Monday, January 16, 2012

Idaho Natives Nurses Bring Home the Noise at Neurolux

Posted By on Mon, Jan 16, 2012 at 3:14 PM


Storie Grubb and the Holy Wars bring back the costumery
  • Josh Gross
  • Storie Grubb and the Holy Wars bring back the costumery Friday, Jan. 13, at Neurolux.

Idaho Falls natives Nurses, who relocated to Portland, Ore., played a Ida-homecoming show at the Neurolux on Friday, Jan. 13. But despite the date, the evening wasn't full of horrifying performances.

Storie Grubb and the Holy Wars may have been a bit too avant garde for the Neurolux crowd, netting ho-hum response from the audience despite a well-crafted and catchy set. The band's stage presence included costumes and a dedication to its uptempo, folk-rock sound, but as is common at The Lux, the message was lost in the din of casual conversation.

La Fleur's set was much more lively, but it was clear that the bar's patrons were awaiting Nurses' ascendancy to the stage.


John Bowers, Aaron Chapman and James Mitchell take the audiences temperature
  • Josh Gross
  • John Bowers, Aaron Chapman and James Mitchell, AKA Nurses, take the Neurolux audience's temperature Friday night.

The trio—comprised of John Bowers, Aaron Chapman and James Mitchell—sipped beers in a corner booth as they waited to play their set. While a dedicated portion of the audience jostled around the stage throughout the evening, the number of groundlings swelled once Nurses went on.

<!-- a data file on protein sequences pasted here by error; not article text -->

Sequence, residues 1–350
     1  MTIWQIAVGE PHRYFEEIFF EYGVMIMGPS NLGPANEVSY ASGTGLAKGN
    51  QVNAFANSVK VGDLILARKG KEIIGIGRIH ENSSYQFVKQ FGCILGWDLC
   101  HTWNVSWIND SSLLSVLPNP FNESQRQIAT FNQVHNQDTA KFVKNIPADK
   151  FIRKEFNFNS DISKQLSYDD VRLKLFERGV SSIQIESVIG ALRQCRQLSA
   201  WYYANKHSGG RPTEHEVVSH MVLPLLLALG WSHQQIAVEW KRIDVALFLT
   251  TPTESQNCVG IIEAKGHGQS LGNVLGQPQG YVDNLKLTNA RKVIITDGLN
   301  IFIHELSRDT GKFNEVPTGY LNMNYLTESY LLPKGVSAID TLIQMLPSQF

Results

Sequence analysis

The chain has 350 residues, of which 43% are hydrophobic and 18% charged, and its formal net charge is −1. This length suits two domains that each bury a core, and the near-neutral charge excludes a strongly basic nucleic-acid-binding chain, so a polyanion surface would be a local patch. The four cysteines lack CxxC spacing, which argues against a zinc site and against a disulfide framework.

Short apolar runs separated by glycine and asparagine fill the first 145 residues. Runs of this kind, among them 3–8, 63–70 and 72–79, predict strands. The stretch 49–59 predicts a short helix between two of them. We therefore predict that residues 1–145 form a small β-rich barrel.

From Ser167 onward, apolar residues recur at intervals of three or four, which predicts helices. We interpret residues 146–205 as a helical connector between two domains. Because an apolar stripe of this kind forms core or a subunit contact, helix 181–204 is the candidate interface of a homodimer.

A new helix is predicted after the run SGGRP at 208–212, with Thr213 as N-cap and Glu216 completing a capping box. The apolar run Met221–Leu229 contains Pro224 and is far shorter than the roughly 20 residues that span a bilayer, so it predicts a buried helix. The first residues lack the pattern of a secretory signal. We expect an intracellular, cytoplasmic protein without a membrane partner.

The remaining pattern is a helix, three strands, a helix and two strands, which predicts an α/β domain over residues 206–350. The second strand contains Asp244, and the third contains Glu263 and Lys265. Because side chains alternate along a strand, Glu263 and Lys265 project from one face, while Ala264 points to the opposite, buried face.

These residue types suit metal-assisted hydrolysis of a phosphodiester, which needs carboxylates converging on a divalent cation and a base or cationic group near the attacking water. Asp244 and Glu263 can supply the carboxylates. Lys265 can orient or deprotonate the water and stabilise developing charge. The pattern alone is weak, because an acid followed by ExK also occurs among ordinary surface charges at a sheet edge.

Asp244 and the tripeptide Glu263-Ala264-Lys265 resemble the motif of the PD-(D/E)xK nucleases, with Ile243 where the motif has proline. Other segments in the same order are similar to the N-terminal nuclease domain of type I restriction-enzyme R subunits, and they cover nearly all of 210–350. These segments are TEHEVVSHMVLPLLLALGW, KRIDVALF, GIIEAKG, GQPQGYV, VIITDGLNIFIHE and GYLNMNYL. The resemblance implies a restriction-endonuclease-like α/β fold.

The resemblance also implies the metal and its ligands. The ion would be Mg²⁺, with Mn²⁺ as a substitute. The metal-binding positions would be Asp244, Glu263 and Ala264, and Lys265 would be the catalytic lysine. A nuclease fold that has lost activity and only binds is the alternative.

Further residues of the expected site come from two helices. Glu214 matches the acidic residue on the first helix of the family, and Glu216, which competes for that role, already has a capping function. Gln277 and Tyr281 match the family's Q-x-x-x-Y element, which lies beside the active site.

The band's launch into "So Sweet" was every bit its namesake, with Chapman's crooning balancing the ethereal track behind it. The jams were spacey and a bit dulling to the senses, given the volume emanating from the stage. The noise jived with keyboardist John Bowers' loud sweater, a strong candidate for the Grand Prize Winner of all ugly sweater contests.

When all the pieces of its sound come together, Nurses is a different band live than it is recorded. This fact seemed to throw off the Neurolux crowd, as evidenced by their trepidation about whether they should stand near the stage or sit at the assorted tables and booths. It's not music you can dance to, and perhaps might've fared better at a more intimate venue, where listeners could pick out each song's eccentricities.

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